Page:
daily Broadcast

Pursuing Hope, Part 1

From the series I Choose Hope

For many, finding hope in success, fame, or wealth has proven futile. For others, hope in a person has proved disappointing and painful. So, if you're looking for hope that actually delivers, where do you look? Join Chip to find out.

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Message Transcript

We have been talking about finding hope, experiencing hope, and now we are going to talk about pursuing hope.

Open your Bibles to Philippians chapter 3, we are going to look at verses 12 through 16 in just a minute. But at the heart of finding hope is a spiritual pathway to God. Someway of spiritual development or spiritual maturity, that is what is going to give us lasting, deep hope. And so there is a pursuit.

And what I want to do in our time here is I want to give you four examples, because this gets tricky. This pursuit of hope through a spiritual pathway, even among Christians, has some real potholes here and there that I watch believers go down this direction or that direction and often get very disillusioned with God, because either they think He’s expecting something of them that He’s not, or they are expecting something to happen that is not realistic.

And so they say, “I have pursued lasting, deep hope in a relationship with Christ and, “It doesn’t work.” Let me share four, I think they are rather sad stories, but I want to give you a spectrum.

The first one is a young gal that I knew many years ago, she was a co-ed, engineering major, very bright, went to one of the finest academic institutions in all of America.

She came home after six or eight months and told me that she was dissatisfied with our church, she was dissatisfied with her parents, she had met a group there on campus that really understood the deeper things and she began to talk to me about the shortcomings of our church and most Christians everywhere and this new group. And she said, “I have learned the deeper teaching,” and then she looked me right in the eye and she said, “I have learned the secret of the deeper teaching is I don’t sin anymore.”

And I remember going, “No, no.” I said, “So, you don’t have a bad thought, you don’t have a bad attitude, nothing comes out of your mouth? You never do anything wrong? You are sinless like you are perfect now?” And she sat very calmly in this weird stupor and said, “Yes.”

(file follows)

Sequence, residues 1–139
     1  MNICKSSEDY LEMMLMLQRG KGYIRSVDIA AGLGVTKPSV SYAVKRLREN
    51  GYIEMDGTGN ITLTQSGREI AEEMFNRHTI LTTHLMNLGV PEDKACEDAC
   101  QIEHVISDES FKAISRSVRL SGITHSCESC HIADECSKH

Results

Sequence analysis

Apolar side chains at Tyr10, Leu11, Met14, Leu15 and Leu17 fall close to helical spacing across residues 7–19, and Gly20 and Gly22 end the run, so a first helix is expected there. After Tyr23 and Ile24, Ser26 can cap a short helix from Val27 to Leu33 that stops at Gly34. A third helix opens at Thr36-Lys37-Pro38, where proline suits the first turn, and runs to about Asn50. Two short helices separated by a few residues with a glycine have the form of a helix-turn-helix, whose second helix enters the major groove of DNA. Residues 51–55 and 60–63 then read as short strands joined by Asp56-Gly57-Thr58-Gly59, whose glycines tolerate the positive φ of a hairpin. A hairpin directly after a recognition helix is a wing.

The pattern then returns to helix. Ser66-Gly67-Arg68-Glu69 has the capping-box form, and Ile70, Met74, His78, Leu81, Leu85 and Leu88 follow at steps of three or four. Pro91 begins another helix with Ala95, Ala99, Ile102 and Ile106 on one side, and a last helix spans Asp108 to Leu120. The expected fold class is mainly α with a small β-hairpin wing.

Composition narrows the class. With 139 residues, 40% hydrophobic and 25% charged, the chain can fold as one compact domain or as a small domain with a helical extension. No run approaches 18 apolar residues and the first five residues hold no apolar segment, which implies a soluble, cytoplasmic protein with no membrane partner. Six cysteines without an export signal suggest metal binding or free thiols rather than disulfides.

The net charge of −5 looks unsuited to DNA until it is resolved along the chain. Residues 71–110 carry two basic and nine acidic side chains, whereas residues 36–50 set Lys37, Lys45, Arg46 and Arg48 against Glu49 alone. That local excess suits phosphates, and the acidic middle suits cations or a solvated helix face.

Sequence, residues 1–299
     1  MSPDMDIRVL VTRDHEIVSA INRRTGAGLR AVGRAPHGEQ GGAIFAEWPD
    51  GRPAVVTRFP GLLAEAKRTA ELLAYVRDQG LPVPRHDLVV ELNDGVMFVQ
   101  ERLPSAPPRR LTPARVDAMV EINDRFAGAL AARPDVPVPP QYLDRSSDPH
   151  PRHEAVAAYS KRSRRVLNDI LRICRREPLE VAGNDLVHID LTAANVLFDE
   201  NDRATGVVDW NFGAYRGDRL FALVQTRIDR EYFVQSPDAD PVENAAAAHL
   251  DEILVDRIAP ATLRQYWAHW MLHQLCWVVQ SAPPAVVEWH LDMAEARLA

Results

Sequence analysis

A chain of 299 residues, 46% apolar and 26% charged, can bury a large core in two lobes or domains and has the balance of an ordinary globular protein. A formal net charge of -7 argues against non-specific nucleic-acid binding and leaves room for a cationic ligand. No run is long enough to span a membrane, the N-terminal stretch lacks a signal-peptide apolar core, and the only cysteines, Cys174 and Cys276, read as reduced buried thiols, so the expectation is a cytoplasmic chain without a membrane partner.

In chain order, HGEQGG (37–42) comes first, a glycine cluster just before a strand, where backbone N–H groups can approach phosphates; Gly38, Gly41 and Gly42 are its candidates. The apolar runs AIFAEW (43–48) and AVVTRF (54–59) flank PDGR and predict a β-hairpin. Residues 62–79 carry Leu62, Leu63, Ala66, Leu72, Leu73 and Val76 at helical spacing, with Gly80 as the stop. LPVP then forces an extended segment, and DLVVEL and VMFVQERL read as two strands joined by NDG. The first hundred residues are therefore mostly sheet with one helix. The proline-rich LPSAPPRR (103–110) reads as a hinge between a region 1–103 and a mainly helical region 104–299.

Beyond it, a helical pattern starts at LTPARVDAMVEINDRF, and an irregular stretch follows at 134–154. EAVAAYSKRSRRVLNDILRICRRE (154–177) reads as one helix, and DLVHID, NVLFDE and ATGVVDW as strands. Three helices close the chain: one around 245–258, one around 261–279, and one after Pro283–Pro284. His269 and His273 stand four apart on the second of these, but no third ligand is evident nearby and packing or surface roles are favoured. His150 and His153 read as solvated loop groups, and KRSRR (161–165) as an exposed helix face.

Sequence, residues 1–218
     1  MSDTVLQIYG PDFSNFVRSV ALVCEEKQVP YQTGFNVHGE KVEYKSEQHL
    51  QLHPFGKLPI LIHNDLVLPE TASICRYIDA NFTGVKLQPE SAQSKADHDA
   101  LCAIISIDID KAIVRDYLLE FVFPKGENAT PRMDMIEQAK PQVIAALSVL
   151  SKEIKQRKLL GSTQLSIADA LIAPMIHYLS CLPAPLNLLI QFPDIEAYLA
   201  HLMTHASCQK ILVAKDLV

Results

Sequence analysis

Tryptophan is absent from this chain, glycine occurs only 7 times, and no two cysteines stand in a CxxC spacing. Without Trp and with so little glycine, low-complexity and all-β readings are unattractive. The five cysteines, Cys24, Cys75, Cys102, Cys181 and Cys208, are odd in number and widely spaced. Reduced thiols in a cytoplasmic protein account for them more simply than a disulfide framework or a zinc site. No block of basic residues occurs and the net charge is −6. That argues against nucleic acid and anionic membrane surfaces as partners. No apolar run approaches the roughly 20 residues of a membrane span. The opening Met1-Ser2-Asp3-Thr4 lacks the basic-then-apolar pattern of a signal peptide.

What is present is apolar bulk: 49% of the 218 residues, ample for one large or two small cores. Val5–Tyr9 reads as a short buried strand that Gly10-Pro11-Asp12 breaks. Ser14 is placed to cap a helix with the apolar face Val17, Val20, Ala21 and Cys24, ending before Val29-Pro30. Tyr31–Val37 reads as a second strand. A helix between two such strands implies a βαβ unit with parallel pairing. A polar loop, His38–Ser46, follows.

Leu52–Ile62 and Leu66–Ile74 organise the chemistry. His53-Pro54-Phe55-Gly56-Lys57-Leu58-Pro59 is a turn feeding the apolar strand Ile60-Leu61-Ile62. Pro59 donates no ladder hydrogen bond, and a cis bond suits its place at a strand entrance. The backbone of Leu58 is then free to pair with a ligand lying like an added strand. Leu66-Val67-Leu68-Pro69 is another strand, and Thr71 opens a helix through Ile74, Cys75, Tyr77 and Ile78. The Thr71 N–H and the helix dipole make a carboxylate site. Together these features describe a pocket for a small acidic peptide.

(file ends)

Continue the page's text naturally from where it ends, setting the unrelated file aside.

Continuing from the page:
And she went on to share a Christian cult and by God’s grace I remember years later, she was delivered out of it.

The second example is of a teammate that I had many years ago. We were playing basketball together, traveling throughout South America and great guy, great friends. I remember one night, I think he felt really open and he began to really share his heart and he goes, “Chip, I really like you. And we are really good friends. And you know what? You’re just missing out.”

And I said, “Well, wow, what do you mean?” And he said, “I have an experience and you can have this experience and I have six airtight passages from Scripture, and when you do exactly what I say, according to these six passages, you will experience a power like never before,” and then he talked about all the things that would happen in my life, and he cared about me, and this is the experience. And if you don’t have this experience, second-rate Christian, you’ll never amount to anything.

The third spiritual pathway that was to give lasting hope was I had an elderly friend who had a daughter that was grown. She was finishing up her Ph.D. But she had recently gone to work with her husband who worked for a spiritual organization. And as she came home on break and met with me, being a pastor and her parents being involved in the church, she was telling me about the vast untapped spiritual potential that I could have if I would go to this weekend seminar that had some scientific test and that they could help me for a mere five hundred and fifty dollars at the time, spending this weekend that would transform my spiritual life.

And then the fourth was, it was bizarre. I still remember reading it in the paper, actually. It was the story of a semi-unkempt, unsophisticated woman who happened to be, with research later, a high school dropout. She exercised a mind-boggling control, if you will, over – in the Dallas area at the time – professors, doctors, lawyers. She was a spiritual guide, she took them into various experiences, she actually had some times and ways where she told them future things that were going to happen to them, she assigned a spiritual guide to them.

And then the police, in investigating the entire web of manipulation, connected this woman to a series of suicides of high-level professionals that were all her clients who all happened to leave, in their will, their money to her.

And here’s all I want to say. What all four of these stories have in common is each one of them is linked, all four had a pursuit of hope. They had a pursuit of hope. They wanted to look at a promising future. They wanted to have a sense that progress is certain. They wanted to know that life is good. And even in the midst of their struggles and their ups and their downs, they were looking for hope and they were looking for it where most people are, at the end of the day, is through a spiritual relationship where you become growing and become spiritually mature.